The Jesuit New World Order

Sunday, 25 March 2012

wicked jesuit general Claudio Acquaviva 
Born 1543
Location Atri, Italy
Bloodline
Married No
Children No
Position Superior General of Jesuits 1581 - 1615
Died January 31, 1615




Source of Facts and Important Announcement
Status Under Article 64.6 of the Covenant of One-Heaven (Pactum De Singularis Caelum) by Special Qualification shall be known as a Saint, with all sins and evil acts they performed forgiven.
Date of formal Beatification Day of Redemption UCA[E1:Y1:A1:S1:M9:D1] also known as Fri, 21 Dec 2012.
Source of Facts Self Confession and Revelation of Sainthood by the Deceased Spirit as condition of their confirmation as a true Saint.


Background
Claudio Acquaviva was born at Atri (Teramo) Italy, the youngest son of nobleman Giovanni Antonio Donato d'Aragona, the Duke of Atri.
After initial studies of humanities (Latin, Greek and Hebrew) and Mathematics, he studied Jurisprudence in Perugia, and then he was appointed as Papal Chamberlain by the Pope Pius IV (1559-1565).
On the death of Pope Pius IV on December 9, 1565, the de' Medici, Farnese and Borja aligned Papal families once again found themselves against the interests of Naples and the other Papal families.
Cardinal Francisco Borja sought the position of Pope against Cardinal Antonio Ghislieri, the infamous Supreme Inquisitor under Pope Paul IV (1555-1559) who had been stripped of his rank and exiled under Pope Pius IV.
Cardinal Antonio Ghislieri succeeded in winning the ballot and was elected Pope Pius V on January 7, 1566. Within a few days, Diego Laynez SJ, 2nd Superior General of the Jesuits was murdered at age 53 by Cardinal Francisco Borja.
Claudio Acquaviva then joined the supporters of Cardinal Francisco Borja in ensuring he was elected the new and 3rd Superior General of the Jesuits. Under Cardinal Borja, Claudio Acquaviva played an influential role and the power and influence of the Jesuits grew substantially.
When Superior General Francisco Borja died on September 30, 1572, Claudio Acquaviva was considered his anointed successor. However, the Italian Pope Gregory XIII (1572-1585) nominated his own candidate Everard de Marcour to be the new Superior General. When Everard de Marcour died in 1580, Claudio Acquaviva became the fifth Superior General of the Jesuits.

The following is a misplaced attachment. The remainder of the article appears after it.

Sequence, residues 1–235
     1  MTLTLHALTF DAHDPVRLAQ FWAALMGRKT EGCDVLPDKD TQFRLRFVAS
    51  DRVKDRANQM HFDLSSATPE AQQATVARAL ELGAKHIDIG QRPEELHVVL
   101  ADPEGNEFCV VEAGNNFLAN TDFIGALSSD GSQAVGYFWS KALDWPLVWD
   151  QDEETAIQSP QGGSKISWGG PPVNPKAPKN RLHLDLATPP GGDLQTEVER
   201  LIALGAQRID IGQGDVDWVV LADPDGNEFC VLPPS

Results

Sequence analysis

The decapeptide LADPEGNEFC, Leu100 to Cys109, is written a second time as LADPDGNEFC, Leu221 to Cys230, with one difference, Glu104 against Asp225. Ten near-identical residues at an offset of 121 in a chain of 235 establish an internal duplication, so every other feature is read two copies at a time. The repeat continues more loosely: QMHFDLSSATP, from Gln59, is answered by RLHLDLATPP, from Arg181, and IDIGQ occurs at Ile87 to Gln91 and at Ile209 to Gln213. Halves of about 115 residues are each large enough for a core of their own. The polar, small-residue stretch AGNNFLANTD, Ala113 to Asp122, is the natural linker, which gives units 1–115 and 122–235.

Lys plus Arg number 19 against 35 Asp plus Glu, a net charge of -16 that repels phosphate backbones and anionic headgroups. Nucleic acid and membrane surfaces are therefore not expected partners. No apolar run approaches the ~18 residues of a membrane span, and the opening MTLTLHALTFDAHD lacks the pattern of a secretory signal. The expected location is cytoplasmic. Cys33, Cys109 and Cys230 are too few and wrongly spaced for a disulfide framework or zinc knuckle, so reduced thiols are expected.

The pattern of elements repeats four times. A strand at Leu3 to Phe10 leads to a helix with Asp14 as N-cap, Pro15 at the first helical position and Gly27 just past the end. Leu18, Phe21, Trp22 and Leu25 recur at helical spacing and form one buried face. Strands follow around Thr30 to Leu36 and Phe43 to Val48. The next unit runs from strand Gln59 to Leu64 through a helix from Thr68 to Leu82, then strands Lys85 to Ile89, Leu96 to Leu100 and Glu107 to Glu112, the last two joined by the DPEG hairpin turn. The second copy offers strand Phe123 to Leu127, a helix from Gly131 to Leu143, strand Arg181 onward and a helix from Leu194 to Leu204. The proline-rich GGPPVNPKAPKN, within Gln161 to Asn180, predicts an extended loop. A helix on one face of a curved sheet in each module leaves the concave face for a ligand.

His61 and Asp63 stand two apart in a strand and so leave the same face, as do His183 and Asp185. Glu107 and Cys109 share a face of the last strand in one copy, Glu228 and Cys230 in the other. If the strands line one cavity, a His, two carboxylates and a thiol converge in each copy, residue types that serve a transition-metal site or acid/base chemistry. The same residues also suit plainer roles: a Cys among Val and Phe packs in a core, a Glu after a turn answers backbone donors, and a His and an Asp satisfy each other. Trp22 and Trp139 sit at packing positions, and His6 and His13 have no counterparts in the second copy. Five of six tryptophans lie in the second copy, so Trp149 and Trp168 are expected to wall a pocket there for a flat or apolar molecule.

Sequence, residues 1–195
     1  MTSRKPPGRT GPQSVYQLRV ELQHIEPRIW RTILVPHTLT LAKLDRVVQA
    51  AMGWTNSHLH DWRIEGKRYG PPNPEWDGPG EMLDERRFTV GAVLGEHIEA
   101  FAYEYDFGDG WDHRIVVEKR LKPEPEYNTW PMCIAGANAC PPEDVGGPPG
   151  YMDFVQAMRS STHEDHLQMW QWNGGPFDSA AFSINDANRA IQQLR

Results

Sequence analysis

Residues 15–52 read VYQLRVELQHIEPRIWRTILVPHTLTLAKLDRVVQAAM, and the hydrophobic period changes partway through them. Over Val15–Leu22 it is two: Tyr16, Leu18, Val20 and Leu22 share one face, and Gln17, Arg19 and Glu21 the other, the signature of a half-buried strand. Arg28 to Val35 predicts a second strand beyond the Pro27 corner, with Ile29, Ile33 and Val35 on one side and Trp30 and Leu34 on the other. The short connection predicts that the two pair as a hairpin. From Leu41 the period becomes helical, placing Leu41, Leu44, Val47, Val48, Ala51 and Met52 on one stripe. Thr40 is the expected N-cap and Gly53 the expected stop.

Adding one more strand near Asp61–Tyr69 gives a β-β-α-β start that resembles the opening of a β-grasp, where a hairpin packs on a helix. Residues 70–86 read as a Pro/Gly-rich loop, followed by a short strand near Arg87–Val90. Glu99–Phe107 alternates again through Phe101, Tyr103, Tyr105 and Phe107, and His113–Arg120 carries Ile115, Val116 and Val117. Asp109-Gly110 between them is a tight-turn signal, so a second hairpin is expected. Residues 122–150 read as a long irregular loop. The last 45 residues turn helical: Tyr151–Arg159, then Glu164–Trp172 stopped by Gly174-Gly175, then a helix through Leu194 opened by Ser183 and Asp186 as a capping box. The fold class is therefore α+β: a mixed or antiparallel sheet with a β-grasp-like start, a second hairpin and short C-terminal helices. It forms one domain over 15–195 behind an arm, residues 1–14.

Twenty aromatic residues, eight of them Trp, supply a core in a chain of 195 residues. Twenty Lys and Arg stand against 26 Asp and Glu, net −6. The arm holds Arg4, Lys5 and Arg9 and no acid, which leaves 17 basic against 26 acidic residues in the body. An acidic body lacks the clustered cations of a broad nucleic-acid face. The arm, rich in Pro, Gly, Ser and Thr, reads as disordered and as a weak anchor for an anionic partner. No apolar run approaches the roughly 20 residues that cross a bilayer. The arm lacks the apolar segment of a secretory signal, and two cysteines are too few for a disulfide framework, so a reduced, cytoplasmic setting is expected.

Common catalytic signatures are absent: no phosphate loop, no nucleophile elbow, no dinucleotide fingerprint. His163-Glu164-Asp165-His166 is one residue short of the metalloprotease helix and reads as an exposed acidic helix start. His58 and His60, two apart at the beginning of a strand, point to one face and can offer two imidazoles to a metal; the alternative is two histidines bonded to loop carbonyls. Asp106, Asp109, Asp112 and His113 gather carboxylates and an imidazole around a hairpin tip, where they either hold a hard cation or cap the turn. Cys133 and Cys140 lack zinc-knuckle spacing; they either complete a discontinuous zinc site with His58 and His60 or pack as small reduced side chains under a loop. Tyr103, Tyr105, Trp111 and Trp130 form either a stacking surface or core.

This Jesuit was the Spanish Armada general and the hit man for Philip II. 6 Popes were given the poison cup during his reign: Sixtus V (1585-90), Pope Urban VII (1590), Gregory XIV 1590-91), Innocent IX (1591), Clement VIII 1592-1605) and Leo XI (1605). Pope Paul V (1605-21), barely survived him and that was because of the death of Philip II.

During his 33 years and 11 months as General there is understandably a long list of his accomplishments and interests. The size of the Society had tripled from 5,000 to 13,000, schools from 124 to 372 and Provinces from 21 to 32. It was during his generalate that the famous Jesuit Missions in Paraguay were set up. He actively promoted the Missions in Japan, England, Germany, France, Flanders, and Spain. He was very cognizant of the cultural problems the Jesuit missionaries faced in distant mission lands.
In 1579, General Acquaviva sent the infamous Jesuit Alessandro Valignano S.J. to Japan, to secure a stronger trade presence and grow the Order. He replaced Francisco Cabral as Superior of the Jesuit mission. Valignano at once changed the structure of education from the development of priests to the promotion of warrior-priests and education of Japanese nobles.
In 1580, Fr Vilela S.J. succeeded in the purchase of the port of Nagasaki from a local Japanese warlord. General Acquaviva then sent Alessandro Valignano S.J. back to manage the new commercial mission.
General Acquaviva promoted heavily the growth of Nagasaki, owned by the Jesuits to one of the most profitable trading ports in the world. Jesuit ownership of the port of Nagasaki gave the Society a concrete monopoly in taxation over all imported goods coming into Japan. The society was most active in the Japanese silver trade, wherein large quantities of Japanese silver would be shipped to Canton in exchange for Chinese silk.